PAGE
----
Even if someone has the re-manufactured face and body of an 18-year-old, she’s still going to have the lower intestine of someone her actual age. I get this awful image in my mind of some has-been actress, her arms and legs and butt all scrawny, her age hinted at only by her not-so-hourglass waist, ever-present neck scarf, and the menacing cloud of blue gas that swirls around her….

When I was five or six years old I was fascinated by my maternal grandmother’s hands. She had worked, for a time, as a washerwoman, and she had these huge, knobby knuckles, arthritic from all that scrubbing. The skin on her hands was thin with age, and the blood vessels were huge and ropy underneath. Her hands were mottled with scars and age spots, and I thought them the most beautiful hands in the world.

I remember looking down at my perfect little Pillsbury-dough-girl puffs of hands, at how obvious it was that they had known so much less life. I envied my grandmother her hands. I hoped that someday mine would look like hers.

And it wasn’t until I saw those hands, folded in the casket, that I realized that I had never seen them so strangely, unnaturally still. They had always been busy, arthritic or not, cooking, mending, washing, surrounding me with a million tiny gestures of caring.

I would not have changed a hair, a wrinkle, a crinkle, a jowl of that old woman’s face. I reverenced her age, her hard-won wisdom, her good heart, and I so wish that such things had not fallen out of style.

Copyright © 2009 by Candace L. Van Auken. All rights reserved.

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Posted in Aging

Rethinking exercise

As a kid, I used to watch Jack Lalane doing jumping jacks on his morning exercise show. I would hop right up and join him, wondering why some people thought exercise was hard.

Later on, I picked up a booklet that outlined the calisthenics routine of the Royal Canadian Mounted Police. Who could argue with those healthy-looking policemen in their Smokey-the-Bear hats and bright red coats? So I dutifully followed the program, touching my toes, jumping like Jack and push-push-pushing up.

In High School I could play basketball, hard, for four hours at a time. I was never any good at it, but I was in excellent physical condition. After that, I went to college, and I let my fitness slide. I came from a family of smart people, not jocks, and the idea seemed to be that you played hard in your youth and then got by on the results of that as you aged. Right.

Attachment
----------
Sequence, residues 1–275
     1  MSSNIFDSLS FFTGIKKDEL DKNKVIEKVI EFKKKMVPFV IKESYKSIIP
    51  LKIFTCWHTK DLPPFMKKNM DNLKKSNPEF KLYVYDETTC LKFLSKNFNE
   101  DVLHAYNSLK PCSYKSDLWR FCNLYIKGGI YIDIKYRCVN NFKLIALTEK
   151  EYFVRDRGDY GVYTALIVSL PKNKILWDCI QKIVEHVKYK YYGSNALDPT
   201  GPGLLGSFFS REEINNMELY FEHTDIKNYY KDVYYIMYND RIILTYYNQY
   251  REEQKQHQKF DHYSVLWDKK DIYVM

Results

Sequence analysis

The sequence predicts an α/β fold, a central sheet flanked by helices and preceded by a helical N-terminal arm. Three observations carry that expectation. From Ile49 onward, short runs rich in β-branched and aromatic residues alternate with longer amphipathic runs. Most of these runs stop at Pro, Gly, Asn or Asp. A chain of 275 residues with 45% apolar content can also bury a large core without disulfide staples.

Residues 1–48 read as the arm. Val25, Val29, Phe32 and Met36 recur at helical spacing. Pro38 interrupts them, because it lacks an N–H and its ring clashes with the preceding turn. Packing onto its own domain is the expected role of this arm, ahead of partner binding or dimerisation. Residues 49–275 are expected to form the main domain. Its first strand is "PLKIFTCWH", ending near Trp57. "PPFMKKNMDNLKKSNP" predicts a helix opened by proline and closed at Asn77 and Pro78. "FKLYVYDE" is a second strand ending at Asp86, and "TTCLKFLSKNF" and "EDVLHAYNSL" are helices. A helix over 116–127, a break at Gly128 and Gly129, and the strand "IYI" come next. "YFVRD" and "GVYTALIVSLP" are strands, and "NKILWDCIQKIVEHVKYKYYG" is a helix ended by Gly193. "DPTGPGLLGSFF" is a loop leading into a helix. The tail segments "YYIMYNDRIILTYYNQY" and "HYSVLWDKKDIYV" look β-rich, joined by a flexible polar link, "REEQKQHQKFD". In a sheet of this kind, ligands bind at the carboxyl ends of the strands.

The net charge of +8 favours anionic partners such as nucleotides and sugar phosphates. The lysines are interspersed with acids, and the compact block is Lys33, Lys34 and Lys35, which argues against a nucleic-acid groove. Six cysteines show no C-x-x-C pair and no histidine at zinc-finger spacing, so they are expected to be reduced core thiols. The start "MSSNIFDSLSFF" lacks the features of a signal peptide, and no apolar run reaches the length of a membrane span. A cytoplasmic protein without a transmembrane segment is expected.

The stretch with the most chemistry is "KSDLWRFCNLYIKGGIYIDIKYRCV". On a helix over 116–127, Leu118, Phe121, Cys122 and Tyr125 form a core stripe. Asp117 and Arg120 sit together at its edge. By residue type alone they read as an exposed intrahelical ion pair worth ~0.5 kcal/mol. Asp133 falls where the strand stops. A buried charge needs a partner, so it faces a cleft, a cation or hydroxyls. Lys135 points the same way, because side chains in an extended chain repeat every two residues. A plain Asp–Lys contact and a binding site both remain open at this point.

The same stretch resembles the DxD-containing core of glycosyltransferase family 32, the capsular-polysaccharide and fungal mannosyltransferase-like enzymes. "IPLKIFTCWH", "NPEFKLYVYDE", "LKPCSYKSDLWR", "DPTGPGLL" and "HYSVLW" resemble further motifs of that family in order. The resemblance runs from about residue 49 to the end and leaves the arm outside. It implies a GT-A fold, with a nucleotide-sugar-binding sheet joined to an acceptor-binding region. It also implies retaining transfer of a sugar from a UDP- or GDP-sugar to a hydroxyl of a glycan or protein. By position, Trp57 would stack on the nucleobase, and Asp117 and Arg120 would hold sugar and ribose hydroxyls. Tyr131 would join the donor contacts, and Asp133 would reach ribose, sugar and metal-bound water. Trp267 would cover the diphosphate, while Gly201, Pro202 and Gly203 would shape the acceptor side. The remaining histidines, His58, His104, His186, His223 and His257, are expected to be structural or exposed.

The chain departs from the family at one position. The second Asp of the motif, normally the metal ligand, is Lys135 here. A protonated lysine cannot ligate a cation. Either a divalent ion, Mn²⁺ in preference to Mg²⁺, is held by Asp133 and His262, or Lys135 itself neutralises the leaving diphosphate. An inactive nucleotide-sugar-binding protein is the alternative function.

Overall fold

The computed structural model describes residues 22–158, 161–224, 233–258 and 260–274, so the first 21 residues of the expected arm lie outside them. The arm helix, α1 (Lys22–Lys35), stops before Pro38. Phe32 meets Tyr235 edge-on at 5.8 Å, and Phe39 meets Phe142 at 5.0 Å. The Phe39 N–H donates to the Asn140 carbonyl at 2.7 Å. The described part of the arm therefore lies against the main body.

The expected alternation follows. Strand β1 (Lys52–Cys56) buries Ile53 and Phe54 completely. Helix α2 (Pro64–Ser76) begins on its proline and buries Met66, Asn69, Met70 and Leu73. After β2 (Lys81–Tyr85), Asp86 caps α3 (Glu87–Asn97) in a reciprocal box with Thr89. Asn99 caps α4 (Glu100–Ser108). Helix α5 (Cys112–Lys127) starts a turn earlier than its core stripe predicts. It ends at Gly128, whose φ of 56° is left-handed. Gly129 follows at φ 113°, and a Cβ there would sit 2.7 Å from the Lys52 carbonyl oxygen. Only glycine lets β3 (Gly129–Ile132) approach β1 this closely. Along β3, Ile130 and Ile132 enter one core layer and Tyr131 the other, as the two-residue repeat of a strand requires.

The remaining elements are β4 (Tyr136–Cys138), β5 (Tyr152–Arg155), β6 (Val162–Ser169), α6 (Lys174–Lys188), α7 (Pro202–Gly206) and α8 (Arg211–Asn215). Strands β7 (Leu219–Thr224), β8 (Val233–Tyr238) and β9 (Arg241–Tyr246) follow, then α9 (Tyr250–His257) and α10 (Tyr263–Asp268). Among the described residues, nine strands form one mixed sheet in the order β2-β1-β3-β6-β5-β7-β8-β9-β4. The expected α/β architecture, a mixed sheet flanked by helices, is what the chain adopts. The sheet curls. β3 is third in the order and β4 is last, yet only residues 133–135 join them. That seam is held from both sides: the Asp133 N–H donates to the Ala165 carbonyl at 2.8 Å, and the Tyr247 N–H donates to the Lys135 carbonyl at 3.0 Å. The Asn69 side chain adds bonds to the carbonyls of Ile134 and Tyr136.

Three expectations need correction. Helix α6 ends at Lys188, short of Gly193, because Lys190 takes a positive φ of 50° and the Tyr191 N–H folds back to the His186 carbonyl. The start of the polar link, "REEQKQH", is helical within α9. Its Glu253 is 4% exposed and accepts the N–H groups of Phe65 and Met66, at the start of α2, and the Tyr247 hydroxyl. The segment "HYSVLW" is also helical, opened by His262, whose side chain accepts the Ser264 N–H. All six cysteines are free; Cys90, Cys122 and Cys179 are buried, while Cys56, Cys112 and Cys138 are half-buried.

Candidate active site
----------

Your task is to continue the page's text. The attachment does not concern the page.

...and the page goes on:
I became interested in exercise in my thirties as my inflammatory arthritis really began to heat up. I recognized a need to keep myself as strong and flexible as I could. I began to learn yoga and how to lift weights. I bought a treadmill and actually walked on it. A few years later I bought a Concept 2 indoor rowing machine and discovered a cardiovascular activity that was easy on my joints while exercising most of the muscles in my body. I got into really good shape.

Then The Flare began, the big one. The one that’s been worse than anything I have ever experienced or could ever have imagined. It began, very mildly in the summer of the year 2000, and it gained speed and intensity for several years. In the fall of 2002, they put me on prednisone, and in the fall of 2003 they started me on Methotrexate injections.

Just as the Methotrexate seemed to be helping, my liver enzymes went up. We stopped the Methotrexate and waited, but the values didn’t come down. This earned me a liver biopsy that showed “mixed cell inflammation” (my favorite kind), lotsa fat, and no scarring. My liver doctor told me that I had NASH (non-alcoholic steato-hepatitis) and said that I needed to lose weight.

Admittedly, I looked like the Great White Whale. Two years of prednisone and difficulty exercising can do that to a girl. But the conundrum was that they did not want me on Methotrexate unless my liver was happy, but my liver would not be happy until I was on Methotrexate long enough to improve enough to begin exercising and losing weight. Erg.

So, with a story like that, how could I possibly set myself up as any kind of expert on exercise? I look nothing like Jack Lalane, even if I tried to wear that stretchy blue jumpsuit. And I have never towed a string of tugboats on my birthday by swimming along with a rope clenched between my teeth. (Yeah, he did that.) Most of the people who lecture you about exercise look like models or actors who work out five hours a day – lean, sculpted, fit, and beautiful – glowing with health. I guess the real question is: who the hell do I think I am?

Well, actually, I am the most qualified exercise guru you will ever meet because I am just as ill as you are, and I know how very hard – or even impossible – it can be to exercise. But a few years ago, when I was talking with my primary care physician, a man who had worked with me for ten years, he said something very interesting. He commented that of his “very sick” patients, I had held out the longest, that is, I had managed to keep working and stay active longer than the others. And he observed, almost as though he were talking to himself, that he rather thought that it was my strange obsession with continuing to exercise, no matter what, that perhaps accounted for the difference.

Ah-ha, like a Lily Tomlin character, I’ve got “effidence.” And while following my advice is guaranteed not to make you look like Jane Fonda (unless, of course, you happen to be Jane Fonda), you might enjoy improvements in your state of mind, mood, self-image, and energy level.

Hopefully, my story-telling has amused you enough to keep you reading until this point, but my guess is that along about the time I wrote “exercise guru,” your mind began to wander, just a bit. In fact, in a few moments it’s altogether possible that you’ll turn the page and move onto an article on something more interesting – like hemorrhoid remedies.